The US Justice Department has launched a sweeping investigation into policing practices in Minneapolis after former city police officer Derek Chauvin was convicted of murdering George Floyd.
The probe is the first major action of Attorney General Merrick Garland, after President Joe Biden vowed to address systemic racism in the United States.
It will consider whether the department engages "in a pattern or practice of using excessive force, including during protests," he said.
He added it will also examine whether the department "engages in discriminatory conduct and whether its treatment of those with behavioral health disabilities is unlawful."
Chauvin's conviction was a milestone in the fraught racial history of the United States and a rebuke of law enforcement's treatment of black Americans.
Floyd's death was one in a long list of police killings that prompted nationwide protests.
"I know such wounds have deep roots. That too many communities have experienced those wounds firsthand," Garland said.
"Yesterday's verdict in the state criminal trial does not address potentially systemic policing issues in Minneapolis."
Garland has previously said he will make cracking down on police misconduct a priority.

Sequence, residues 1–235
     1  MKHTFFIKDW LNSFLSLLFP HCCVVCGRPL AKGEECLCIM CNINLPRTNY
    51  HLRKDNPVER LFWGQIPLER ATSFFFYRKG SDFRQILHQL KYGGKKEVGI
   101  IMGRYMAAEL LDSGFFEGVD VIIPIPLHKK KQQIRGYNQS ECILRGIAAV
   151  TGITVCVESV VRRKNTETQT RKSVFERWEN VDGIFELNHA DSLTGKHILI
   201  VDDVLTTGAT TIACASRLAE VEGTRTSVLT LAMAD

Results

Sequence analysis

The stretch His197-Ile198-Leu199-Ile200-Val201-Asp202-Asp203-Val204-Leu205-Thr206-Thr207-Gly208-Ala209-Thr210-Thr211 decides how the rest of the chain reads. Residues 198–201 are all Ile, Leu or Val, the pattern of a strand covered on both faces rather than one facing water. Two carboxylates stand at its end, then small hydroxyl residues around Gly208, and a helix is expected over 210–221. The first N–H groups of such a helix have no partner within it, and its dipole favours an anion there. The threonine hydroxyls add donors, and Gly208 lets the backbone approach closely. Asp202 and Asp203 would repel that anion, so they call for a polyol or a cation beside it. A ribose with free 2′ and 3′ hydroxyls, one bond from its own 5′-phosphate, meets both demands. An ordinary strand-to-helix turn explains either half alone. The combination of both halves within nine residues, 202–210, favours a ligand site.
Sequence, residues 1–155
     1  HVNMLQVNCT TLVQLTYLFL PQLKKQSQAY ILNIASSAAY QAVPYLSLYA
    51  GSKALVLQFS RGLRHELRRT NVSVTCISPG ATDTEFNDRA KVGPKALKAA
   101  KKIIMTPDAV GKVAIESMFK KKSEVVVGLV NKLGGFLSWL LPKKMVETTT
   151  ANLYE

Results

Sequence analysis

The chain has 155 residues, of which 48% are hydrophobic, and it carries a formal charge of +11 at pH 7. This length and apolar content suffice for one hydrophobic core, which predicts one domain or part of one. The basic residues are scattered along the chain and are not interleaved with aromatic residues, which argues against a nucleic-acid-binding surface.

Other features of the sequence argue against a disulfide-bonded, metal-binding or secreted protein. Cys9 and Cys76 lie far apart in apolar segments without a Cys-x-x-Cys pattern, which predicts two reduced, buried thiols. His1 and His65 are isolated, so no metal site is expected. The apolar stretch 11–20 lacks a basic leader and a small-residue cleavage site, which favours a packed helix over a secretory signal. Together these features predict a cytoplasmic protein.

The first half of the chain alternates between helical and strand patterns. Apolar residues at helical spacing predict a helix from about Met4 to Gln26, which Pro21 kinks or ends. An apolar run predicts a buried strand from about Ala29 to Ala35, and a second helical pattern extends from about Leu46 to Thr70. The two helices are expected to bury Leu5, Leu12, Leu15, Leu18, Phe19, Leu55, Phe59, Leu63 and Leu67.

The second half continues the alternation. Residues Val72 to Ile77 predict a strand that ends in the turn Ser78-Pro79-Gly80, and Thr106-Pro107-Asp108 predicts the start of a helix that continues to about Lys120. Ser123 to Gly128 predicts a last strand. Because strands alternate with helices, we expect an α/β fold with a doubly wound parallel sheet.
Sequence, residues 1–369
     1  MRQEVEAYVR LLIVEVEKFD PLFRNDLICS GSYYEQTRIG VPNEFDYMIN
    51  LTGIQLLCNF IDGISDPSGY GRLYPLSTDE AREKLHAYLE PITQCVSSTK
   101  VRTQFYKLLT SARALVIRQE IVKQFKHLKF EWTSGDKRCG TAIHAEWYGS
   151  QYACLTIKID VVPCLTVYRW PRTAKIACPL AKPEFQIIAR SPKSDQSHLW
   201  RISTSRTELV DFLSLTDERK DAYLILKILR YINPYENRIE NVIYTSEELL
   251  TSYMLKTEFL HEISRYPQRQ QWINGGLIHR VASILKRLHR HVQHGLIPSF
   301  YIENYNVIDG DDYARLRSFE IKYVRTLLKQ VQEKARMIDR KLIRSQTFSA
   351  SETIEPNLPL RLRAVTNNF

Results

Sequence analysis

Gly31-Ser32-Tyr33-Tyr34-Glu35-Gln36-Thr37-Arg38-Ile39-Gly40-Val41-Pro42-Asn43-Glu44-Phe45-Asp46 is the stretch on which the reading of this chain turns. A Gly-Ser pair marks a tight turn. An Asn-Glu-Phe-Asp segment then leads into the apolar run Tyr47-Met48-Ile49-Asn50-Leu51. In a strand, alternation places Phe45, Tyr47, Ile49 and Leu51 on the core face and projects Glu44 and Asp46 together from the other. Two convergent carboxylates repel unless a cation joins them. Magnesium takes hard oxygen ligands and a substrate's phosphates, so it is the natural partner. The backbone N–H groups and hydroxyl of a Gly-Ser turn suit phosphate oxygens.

A separate criminal Justice Department investigation into whether the officers involved in Floyd's death violated his civil rights continues, Garland said.
A 12-member jury on Tuesday found Chauvin, 45, guilty of second-degree murder, third-degree murder and manslaughter after considering three weeks of testimony from 45 witnesses, including bystanders, police officials and medical experts.
In a confrontation captured on video, Chauvin, a white veteran of the police force, pushed his knee into the neck of Floyd, a 46-year-old black man in handcuffs, for more than nine minutes in May 2020.
Chauvin and three fellow officers were attempting to arrest Floyd, accused of using a fake $20 bill to buy cigarettes at a grocery store.
The conviction triggered a wave of relief and reflection not only across the United States but in countries around the world.
Australian Associated Press